Guest opinion: The most dangerous man in Alabama prisons was not released today
This is a guest opinion column
The most dangerous man in the Alabama prison system was one who was not released today. In fact, he is more dangerous now than when he thought he would be released. More dangerous to the other inmates, more dangerous to the officers, more dangerous to himself.
“Give me one reason,” he says, “why I shouldn’t kill my roommate who’s snoring so loud the bed is shaking.”
“Give me one reason,” he growls, “why I shouldn’t spit in the face of the CO who’s talking about my wife.”
“Give me one reason,” he laughs, “why I shouldn’t spend my last dollar buying crack from the CO who’s smuggling it in for us.”
We used to have an answer for him (and for every inmate). We always told him that his patience and perseverance in tolerating these unbearable conditions would be rewarded. If he obeyed all orders given to him (even the humiliating ones), he would get good timings. If he didn’t fight back when attacked by fellow inmates, or get high on the drugs that are so readily available in prison, he would be able to go home sooner. Maybe even in time to reconnect with his wife, to meet his children, to sit by his mother’s bedside as she died.
You see, what James Baldwin said is true: “The most dangerous creation of any society is the man who has nothing to lose.”
Alabama’s inmates haven’t always been this dangerous. The theory used to be that prison was a time for reflection and rehabilitation because we fully expected the incarcerated person to return to his/her community. But we gave up on rehabilitation. We gave up the idea of reform and rebirth. Our prison system has sent a clear message to inmates that there is no gain in becoming a better person in prison. No price for patient waiting.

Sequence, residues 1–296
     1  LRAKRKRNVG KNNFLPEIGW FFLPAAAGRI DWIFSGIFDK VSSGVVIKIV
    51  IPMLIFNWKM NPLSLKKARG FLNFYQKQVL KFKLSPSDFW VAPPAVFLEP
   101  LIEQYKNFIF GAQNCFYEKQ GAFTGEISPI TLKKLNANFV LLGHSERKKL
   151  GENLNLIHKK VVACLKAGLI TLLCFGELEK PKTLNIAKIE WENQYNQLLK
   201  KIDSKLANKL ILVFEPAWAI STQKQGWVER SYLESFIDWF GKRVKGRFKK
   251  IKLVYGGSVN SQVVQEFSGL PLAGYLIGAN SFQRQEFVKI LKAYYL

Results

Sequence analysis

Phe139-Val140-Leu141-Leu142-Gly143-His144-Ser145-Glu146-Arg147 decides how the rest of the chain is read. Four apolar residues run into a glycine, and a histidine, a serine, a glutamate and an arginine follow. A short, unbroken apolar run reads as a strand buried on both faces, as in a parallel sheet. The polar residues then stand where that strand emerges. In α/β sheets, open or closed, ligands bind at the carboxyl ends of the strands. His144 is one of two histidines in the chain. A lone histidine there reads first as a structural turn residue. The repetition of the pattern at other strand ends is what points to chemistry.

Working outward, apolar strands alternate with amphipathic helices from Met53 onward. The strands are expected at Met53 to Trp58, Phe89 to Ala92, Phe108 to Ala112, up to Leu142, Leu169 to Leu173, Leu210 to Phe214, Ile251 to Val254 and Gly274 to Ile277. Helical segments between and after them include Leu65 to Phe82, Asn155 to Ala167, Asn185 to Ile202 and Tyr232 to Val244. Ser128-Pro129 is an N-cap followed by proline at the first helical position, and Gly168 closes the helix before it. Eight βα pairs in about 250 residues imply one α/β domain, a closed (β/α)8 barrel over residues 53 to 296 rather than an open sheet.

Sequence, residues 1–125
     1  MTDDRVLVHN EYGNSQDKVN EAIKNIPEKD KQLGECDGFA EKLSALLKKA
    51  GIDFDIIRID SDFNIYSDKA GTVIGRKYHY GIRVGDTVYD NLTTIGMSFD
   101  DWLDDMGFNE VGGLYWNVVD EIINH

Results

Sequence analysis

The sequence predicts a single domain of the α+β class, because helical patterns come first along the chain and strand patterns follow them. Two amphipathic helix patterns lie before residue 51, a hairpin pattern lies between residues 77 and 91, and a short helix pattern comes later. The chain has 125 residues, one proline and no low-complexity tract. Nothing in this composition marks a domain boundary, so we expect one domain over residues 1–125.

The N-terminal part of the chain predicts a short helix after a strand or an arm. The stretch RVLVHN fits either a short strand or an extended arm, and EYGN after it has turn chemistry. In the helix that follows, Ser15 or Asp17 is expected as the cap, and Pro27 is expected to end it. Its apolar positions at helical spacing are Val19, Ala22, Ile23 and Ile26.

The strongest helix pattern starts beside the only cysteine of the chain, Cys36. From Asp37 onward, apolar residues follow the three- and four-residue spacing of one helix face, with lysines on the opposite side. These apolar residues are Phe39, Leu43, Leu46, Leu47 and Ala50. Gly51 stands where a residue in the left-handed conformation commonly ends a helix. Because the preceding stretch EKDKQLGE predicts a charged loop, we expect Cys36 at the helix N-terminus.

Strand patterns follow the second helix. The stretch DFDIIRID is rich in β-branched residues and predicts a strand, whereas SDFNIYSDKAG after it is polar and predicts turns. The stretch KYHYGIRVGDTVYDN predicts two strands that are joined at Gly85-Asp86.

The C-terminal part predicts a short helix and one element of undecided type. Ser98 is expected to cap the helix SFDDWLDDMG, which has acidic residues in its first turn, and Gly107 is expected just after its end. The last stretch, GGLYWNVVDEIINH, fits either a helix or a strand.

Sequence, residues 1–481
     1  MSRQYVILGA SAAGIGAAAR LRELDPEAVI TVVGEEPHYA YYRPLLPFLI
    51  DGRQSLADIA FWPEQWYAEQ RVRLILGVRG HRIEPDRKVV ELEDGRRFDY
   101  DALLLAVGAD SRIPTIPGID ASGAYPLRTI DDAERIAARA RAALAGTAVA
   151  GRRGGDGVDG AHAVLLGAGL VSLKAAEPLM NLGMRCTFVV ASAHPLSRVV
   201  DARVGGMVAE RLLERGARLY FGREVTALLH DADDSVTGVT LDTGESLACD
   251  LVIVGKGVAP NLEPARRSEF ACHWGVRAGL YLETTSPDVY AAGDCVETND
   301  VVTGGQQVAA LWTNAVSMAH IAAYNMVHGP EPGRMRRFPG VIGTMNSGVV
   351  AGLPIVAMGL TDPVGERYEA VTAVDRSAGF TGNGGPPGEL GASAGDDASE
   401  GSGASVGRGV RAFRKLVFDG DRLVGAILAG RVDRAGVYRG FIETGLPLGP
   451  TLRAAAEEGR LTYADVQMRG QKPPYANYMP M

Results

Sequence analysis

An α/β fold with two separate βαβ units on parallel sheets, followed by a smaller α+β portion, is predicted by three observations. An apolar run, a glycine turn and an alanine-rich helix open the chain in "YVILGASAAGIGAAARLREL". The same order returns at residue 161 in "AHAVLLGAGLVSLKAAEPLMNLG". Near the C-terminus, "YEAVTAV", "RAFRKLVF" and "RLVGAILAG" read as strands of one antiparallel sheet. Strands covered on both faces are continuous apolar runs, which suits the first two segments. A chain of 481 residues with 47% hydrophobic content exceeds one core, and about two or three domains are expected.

Last year, the Alabama Board of Pardons and Paroles paroled only 10% of inmates who were eligible for parole (even fewer for black inmates). Three weeks ago, Gov. Ivey tightened the “good time” rules, making it even harder for an inmate to even be considered for parole. Ten days ago, Alabama denied parole to a 71-year-old woman who is wheelchair-bound and has end-stage kidney disease. And today, Alabama broke its promise to release 400 prisoners that the Republican legislature chose to release because they had already served a reasonable time. About 300 of those scheduled for release were postponed, but it wasn’t because they did anything wrong. Not because the prisoners rioted or fought or disobeyed, but simply because the Alabama Department of Corrections didn’t do the necessary paperwork.
A person can tolerate quite a lot if they know the end is in sight. When they know exactly what to do to get a second chance at life. But when we take hope away from a person, when we give him good reason to believe that no matter how well he “behaves,” he will never reap any rewards for that behavior, we create a man who has nothing to lose . And nothing is more dangerous.
The crisis of prison violence and the crisis of prison overcrowding are linked. The violence is not the result of overcrowding. Nor is it the result of ailing facilities. The violence is the result of the system we have created that tells people who have made mistakes that their whole life story has already been written. Your fate is sealed, and no amount of behavior can change it now. Why shouldn’t they be violent? What incentive is there to stay alive?
If we want to see less violence in prisons, less violence against prison staff, less violence among inmates, fewer drug overdoses and suicides, we need to restore hope to our incarcerated neighbors. Hope for parole. Hope to be released soon. Hope for life after prison.
Tabitha Isner is Vice Chair of the Alabama Democratic Party. She is also a wife, soccer mom, business analyst and advocate for foster children.